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Science Applications International Corp (SAIC) Q1 2020 Earnings Call Transcript

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Science Applications International Corp (NYSE: SAIC)
Q1 2020 Earnings Call
Jun 6, 2019, 8:00 a.m. ET

Contents:

  • Prepared Remarks
  • Questions and Answers
  • Call Participants

Prepared Remarks:

Operator

Good day. And welcome to the SAIC Fiscal Year 2020 First Quarter Earnings Call. Today's conference is being recorded. And at this time, I would like to turn the conference over to Shane Canestra, SAIC's Vice President of Investor Relations. Please go ahead, sir.

Shane P. Canestra -- Vice President, Investor Relations

Good morning. My name is Shane Canestra, SAIC's Vice President of Investor Relations, and thank you for joining our first quarter fiscal year 2020 earnings call.

Joining me today to discuss our business and financial results are Tony Moraco, SAIC's Chief Executive Officer; Nazzic Keene SAIC's Chief Executive Officer-Elect; Charlie Mathis, our Chief Financial Officer; and other members of our management team.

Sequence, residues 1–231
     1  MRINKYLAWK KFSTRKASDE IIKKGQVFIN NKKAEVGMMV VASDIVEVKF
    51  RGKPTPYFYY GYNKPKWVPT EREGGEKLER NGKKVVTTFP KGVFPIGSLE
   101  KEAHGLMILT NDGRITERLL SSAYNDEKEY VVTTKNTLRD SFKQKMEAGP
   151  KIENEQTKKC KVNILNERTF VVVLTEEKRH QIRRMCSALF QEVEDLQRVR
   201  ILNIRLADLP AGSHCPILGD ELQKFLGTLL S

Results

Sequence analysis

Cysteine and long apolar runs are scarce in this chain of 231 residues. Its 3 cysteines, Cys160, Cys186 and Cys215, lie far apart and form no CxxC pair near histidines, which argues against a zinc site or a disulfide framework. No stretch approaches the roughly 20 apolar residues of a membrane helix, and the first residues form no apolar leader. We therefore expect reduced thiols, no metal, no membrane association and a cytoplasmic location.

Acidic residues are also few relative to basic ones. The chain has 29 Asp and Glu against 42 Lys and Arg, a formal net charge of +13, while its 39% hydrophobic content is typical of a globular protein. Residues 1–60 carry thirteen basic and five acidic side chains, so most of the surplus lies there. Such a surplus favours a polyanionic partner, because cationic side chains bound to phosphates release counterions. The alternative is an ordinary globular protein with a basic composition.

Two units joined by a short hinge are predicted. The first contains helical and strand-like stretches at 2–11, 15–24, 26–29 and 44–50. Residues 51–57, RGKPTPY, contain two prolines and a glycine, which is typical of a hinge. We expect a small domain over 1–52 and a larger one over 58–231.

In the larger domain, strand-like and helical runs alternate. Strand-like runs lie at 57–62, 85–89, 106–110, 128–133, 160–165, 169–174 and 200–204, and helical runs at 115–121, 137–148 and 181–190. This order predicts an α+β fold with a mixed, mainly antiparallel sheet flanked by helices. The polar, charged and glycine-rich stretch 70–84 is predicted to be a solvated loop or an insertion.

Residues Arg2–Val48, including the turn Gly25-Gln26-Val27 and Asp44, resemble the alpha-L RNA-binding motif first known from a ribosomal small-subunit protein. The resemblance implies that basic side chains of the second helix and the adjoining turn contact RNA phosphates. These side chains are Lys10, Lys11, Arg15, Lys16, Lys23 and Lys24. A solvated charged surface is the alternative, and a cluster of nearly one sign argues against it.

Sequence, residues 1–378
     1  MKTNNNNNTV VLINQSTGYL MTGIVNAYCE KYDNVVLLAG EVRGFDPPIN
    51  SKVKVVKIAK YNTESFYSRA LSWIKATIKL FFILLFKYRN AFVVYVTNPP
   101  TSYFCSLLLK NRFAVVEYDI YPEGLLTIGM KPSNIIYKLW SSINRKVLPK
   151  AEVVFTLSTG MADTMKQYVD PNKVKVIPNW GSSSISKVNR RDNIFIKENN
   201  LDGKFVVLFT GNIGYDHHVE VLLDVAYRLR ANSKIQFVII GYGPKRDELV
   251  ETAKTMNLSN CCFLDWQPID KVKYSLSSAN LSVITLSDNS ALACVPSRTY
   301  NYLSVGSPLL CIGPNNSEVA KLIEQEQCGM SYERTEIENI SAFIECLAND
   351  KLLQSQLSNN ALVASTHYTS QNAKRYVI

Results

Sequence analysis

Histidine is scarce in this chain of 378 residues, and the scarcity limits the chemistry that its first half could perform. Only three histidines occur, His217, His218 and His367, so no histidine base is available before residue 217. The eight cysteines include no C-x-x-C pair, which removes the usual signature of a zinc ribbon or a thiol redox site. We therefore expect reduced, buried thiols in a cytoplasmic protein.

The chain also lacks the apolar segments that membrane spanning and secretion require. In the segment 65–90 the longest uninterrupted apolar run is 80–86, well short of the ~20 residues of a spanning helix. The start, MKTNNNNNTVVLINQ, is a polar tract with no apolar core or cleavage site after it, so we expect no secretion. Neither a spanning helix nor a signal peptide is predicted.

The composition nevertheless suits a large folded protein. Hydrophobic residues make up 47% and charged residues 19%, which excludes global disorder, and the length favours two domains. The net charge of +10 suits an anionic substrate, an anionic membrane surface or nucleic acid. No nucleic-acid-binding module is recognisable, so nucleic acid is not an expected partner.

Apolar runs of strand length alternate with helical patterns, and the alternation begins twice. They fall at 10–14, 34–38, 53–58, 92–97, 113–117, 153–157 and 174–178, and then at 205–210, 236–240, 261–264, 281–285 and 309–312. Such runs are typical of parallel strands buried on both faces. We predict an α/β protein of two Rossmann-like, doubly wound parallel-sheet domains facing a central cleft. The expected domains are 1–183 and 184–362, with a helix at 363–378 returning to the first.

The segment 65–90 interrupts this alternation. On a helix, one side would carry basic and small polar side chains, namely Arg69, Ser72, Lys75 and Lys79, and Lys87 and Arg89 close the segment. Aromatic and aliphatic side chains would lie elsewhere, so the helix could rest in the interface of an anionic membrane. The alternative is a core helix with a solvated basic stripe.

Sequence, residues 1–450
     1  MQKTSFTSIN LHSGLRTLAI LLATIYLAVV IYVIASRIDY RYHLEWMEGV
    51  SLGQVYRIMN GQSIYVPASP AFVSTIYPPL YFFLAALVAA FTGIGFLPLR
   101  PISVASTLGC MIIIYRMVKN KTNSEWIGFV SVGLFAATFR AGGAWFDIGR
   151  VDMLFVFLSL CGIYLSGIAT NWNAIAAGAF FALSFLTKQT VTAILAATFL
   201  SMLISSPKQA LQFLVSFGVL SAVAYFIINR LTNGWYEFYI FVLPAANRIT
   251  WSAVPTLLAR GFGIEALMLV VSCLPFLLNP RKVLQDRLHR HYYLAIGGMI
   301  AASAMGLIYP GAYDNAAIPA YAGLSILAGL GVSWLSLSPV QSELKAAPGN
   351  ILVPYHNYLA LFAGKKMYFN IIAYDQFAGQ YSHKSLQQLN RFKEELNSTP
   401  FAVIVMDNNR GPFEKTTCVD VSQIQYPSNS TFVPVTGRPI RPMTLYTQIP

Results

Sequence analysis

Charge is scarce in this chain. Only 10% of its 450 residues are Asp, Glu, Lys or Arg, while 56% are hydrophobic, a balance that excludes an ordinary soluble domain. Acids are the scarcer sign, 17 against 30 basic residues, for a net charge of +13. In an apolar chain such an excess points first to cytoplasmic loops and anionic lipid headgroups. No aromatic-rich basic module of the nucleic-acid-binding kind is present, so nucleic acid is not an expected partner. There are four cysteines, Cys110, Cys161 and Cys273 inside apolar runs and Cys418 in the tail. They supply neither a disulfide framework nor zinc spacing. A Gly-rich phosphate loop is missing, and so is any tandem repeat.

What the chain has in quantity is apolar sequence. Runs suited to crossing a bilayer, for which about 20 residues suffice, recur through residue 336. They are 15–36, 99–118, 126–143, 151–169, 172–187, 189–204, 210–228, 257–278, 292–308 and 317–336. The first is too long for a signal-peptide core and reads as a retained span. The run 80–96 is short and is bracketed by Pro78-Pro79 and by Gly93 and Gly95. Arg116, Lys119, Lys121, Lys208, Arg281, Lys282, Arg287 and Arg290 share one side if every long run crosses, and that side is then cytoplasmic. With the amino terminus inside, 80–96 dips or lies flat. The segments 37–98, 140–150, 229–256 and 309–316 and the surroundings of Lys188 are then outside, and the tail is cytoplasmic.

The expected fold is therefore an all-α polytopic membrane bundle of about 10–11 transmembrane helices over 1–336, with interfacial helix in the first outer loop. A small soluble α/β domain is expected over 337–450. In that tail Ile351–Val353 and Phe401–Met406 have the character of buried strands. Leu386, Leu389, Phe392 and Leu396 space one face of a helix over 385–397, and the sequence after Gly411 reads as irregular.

This morning we issued our earnings release, which can be found at investors.saic.com, where you'll also find supplemental financial presentation slides to be utilized in conjunction with today's call. Both of these documents, in addition to our Form 10-Q to be filed soon, should be utilized in evaluating our results and outlook along with information provided on today's call.

Please note that we may make forward-looking statements on today's call that are subject to known and unknown risks and uncertainties that could cause actual results to differ materially from statements made on this call. I refer you to our SEC filings for a discussion of these risks, including the Risk Factors section of our Annual Report on Form 10-K and quarterly reports on Form 10-Q. In addition, the statements represent our views as of today and subsequent events may cause our views to change. We may elect to update the forward-looking statements at some point in the future, but we specifically disclaim any obligation to do so.